The Autobiography of Malcolm X takes us to the journey that Malcolm X had been from the beginning of his life to the end of it. He did not have a wonderful life, even though his achievements were amazing. Being hated all the time, worried about his life constantly and at the same time trying to change the perspective of the world regarding the Black race was not an easy job he had to maintain. As Alex Haley tells us, he had to surpass a lot of obstacles.
This is also the message that Attallah Shabazz, Malcolm's eldest daughter, is trying to send us through the foreword she dedicated to her father. Attallah wants us to fully comprehend what Malcolm's family has gone through, how they [members of the family] managed to survive those terrible attacks from both the white and black [members of the Islam Nation]. Through her foreword she implies that her family is a strong one, and supportive towards its members.
Her father, Malcolm X, and her mother were really in love with each other, and were there for each other whenever help, love, and comfort was needed.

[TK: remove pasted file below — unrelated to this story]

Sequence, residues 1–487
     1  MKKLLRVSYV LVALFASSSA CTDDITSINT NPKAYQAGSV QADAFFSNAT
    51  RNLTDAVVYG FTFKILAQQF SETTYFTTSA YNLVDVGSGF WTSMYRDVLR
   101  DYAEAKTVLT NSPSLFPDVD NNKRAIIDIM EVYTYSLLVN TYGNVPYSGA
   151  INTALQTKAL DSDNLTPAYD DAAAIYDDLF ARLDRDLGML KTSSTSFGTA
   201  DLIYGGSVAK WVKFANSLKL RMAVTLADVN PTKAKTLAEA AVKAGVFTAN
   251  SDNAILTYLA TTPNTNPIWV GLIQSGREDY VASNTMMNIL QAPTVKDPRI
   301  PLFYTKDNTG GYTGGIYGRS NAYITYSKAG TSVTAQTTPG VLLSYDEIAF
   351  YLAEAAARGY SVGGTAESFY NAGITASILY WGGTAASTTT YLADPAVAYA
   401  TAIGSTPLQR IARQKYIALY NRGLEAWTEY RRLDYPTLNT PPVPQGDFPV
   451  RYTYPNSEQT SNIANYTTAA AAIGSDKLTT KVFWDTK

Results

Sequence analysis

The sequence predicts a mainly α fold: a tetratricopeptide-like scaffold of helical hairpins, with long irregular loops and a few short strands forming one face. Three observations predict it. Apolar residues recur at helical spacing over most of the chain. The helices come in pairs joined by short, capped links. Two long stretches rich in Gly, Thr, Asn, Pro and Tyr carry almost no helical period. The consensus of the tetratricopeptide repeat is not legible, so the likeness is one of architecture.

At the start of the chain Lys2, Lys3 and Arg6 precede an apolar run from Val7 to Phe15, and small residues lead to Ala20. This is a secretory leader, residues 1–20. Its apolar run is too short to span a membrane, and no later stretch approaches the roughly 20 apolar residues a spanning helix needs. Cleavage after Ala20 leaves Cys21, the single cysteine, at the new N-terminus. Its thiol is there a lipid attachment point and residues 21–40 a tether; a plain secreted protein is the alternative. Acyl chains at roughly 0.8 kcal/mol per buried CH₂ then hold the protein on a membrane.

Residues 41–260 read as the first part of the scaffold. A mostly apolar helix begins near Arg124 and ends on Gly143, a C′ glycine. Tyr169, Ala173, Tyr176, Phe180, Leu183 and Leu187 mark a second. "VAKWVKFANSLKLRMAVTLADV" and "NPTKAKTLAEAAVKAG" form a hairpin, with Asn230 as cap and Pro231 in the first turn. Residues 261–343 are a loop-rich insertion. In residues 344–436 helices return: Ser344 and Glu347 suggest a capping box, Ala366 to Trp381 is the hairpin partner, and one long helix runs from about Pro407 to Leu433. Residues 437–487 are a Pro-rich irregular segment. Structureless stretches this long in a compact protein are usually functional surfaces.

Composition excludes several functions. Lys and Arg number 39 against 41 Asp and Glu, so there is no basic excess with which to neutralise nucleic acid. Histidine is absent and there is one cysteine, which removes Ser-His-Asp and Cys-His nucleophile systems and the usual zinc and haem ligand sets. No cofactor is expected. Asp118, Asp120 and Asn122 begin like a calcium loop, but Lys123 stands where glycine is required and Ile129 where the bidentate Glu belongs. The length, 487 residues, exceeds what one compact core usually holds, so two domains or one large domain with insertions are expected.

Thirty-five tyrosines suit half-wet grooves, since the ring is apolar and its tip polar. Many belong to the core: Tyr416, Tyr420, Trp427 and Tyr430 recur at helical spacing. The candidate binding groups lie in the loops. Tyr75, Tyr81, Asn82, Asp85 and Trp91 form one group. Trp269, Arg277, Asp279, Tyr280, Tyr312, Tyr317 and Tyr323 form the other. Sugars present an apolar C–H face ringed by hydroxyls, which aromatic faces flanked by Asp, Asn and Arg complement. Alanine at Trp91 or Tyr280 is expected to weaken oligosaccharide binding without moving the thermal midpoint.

Attallah Shabazz writes about the event when America decided to have postage stamp with Malcolm X picture on it. While giving a speech on that event, she expressed sadness that her mother was not able to attend the unveiling of the Malcolm X postage stamp that this speech commemorates, but is strengthened with the knowledge that "she is now where she longed to be; beside her husband. And together they are toasting our healthy continuance and productive lives" (xxiv).
In another place, she mentions "what Allah had destined for [her father]," foreshadowing the theme that one's life must conform to a destiny chosen by God (xv). Her inheritance is...